sandfly
shop owner
N.J.B.B.A. #2215
Tiadaughton T.U. 688
I didn't Escape------They gave me a day pass !
GONZOApril 9th, 2009, 9:36 am
Site Editor
"Bear Swamp," PA

Posts: 1681
Is it possible that two rivers no more than thirty miles apart could have two distinctly different caddis that appear during the same time period?


Yes. I know I should probably leave it at that, but that's not the whole story.

PA has 6 recorded Brachycentrus species, known variously as Apple Caddis, Shadfly, Grannom, Black Caddis, Penn's Creek Caddisfly, or even Mother's Day Caddis. Most of these hatch during the same general time period (mid-April to mid-May). B. americanus is an exception. Its later, longer emergence often extends from late June through August in the Northeast.

The Brachycentrus species that is known as the Apple Caddis on the Delaware is B. appalachia. This species has very light wings (almost white) upon emergence, but goes through stages of darkening as the adults age, ending up with a brownish or grayish wing and a darker body. This species is also found on the Beaverkill, Willowemoc, and Little Beaverkill. Adult specimens from those waters are dated from April 30th to May 7th in the collecting record.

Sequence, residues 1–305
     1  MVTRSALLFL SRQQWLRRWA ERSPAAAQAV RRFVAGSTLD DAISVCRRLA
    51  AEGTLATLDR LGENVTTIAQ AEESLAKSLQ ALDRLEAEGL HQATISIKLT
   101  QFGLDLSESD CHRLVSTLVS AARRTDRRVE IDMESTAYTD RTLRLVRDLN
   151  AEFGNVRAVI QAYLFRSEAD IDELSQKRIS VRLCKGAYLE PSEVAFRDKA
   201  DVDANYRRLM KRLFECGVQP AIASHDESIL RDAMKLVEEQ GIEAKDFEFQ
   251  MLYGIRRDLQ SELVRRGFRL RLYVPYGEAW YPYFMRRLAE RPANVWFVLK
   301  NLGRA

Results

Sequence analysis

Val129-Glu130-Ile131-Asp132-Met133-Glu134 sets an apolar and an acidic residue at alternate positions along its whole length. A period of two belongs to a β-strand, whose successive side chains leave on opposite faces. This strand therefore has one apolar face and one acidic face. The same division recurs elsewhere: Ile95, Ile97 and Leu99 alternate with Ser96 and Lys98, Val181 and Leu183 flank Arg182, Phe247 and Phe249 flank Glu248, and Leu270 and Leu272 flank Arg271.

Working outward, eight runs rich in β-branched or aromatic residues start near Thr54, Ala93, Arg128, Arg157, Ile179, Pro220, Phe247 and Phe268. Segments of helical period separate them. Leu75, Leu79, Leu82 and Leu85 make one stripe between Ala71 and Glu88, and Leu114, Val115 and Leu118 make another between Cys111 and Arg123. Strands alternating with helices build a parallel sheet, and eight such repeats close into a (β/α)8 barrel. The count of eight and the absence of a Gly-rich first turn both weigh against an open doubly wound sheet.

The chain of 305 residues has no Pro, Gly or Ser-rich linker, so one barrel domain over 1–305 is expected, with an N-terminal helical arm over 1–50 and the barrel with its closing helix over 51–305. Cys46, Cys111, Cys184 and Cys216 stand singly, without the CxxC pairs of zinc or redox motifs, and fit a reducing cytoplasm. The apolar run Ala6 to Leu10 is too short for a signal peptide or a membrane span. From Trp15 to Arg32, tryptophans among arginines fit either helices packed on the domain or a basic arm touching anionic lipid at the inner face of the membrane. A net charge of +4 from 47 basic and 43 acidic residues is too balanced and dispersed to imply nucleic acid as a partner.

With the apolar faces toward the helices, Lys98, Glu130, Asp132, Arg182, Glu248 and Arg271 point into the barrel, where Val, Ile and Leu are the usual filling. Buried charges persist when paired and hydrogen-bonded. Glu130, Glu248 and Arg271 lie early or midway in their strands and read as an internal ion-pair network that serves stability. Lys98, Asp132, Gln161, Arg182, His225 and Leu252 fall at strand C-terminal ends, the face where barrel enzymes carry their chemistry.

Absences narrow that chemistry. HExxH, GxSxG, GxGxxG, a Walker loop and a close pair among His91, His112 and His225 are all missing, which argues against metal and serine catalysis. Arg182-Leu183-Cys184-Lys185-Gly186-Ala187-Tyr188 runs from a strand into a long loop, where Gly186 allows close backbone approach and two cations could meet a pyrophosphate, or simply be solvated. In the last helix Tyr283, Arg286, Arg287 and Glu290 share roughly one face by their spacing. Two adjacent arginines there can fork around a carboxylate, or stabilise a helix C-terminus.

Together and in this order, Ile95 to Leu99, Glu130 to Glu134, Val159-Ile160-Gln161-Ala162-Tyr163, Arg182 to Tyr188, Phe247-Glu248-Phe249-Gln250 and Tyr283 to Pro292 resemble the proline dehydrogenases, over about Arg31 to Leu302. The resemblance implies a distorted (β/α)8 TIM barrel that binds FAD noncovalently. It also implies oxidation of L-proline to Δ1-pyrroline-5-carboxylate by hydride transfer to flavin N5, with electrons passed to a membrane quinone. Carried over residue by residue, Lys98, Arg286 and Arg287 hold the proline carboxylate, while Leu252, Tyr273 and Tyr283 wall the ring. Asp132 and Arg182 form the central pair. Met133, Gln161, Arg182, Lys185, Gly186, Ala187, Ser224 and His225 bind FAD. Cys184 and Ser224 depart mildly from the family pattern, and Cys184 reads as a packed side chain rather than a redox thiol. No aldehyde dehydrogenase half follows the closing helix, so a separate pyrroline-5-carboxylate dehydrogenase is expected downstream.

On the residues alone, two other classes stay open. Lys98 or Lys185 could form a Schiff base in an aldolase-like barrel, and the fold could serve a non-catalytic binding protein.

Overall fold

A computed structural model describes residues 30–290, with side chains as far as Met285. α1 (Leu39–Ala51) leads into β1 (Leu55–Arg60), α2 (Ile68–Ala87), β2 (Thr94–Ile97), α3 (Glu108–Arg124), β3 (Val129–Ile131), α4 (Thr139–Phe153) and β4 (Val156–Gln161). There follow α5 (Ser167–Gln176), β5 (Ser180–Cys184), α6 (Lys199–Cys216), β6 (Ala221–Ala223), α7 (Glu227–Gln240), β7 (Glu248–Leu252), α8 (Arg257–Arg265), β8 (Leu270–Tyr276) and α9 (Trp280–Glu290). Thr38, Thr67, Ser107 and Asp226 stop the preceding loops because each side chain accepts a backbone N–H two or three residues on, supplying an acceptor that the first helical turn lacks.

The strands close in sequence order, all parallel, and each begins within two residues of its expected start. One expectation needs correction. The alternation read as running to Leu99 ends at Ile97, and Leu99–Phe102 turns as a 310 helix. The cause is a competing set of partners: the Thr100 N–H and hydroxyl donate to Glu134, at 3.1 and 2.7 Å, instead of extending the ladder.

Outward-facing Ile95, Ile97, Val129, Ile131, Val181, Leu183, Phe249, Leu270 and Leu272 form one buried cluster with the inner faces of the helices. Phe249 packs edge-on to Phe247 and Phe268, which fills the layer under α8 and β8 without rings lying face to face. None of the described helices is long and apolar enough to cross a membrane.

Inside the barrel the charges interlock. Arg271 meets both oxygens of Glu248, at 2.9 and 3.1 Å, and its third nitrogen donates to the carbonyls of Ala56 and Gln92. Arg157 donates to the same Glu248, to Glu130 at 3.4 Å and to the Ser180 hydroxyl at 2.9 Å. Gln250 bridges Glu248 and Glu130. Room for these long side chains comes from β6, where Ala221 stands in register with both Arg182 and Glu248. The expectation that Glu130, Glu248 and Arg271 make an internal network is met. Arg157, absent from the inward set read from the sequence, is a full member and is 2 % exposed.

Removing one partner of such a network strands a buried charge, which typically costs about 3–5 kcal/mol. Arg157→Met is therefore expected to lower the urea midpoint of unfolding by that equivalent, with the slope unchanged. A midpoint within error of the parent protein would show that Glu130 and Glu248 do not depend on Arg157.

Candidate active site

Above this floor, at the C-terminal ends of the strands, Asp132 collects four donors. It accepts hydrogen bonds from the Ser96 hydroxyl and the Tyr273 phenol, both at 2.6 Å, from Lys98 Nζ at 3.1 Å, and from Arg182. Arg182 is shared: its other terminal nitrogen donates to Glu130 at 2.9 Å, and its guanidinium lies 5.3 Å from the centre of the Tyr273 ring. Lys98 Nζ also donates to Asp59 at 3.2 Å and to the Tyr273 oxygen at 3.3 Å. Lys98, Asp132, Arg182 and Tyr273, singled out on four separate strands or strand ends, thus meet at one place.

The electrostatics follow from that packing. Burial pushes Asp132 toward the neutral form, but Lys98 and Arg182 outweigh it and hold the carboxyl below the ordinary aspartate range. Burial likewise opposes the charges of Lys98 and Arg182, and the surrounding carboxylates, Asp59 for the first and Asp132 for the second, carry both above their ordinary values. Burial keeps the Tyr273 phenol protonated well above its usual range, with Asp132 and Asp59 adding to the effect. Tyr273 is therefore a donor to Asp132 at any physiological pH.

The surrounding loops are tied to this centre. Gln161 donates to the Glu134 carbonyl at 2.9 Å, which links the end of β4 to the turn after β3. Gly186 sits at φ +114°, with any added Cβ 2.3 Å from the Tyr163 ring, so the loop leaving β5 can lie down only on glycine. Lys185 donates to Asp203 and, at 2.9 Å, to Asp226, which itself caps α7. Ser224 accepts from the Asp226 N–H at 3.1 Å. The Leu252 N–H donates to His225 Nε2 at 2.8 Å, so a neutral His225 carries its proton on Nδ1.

Another Brachycentrus species that is found in those same waters (Delaware/Beaverkill system) is B. solomoni, named for fly fishing writer Larry Solomon. This is a darker species, but it emerges at the same time. Adult specimens in the collecting record are dated from April 29th to May 7th. (These include the holotype collected by Solomon from the Beaverkill at Roscoe.)

Here is another example of appalachia from that same river system (notice Jason's comments on the darkening): http://www.troutnut.com/specimen/727

Here is another appalachia from the same system that shows the dark wing veins:
http://www.troutnut.com/specimen/511

And here are two darker specimens collected from the same system at about the same time. (These are still listed as Apatania, but Creno thought they were Brachycentrus, and he should know. They might even be solomoni.):
http://www.troutnut.com/specimen/728
http://www.troutnut.com/specimen/714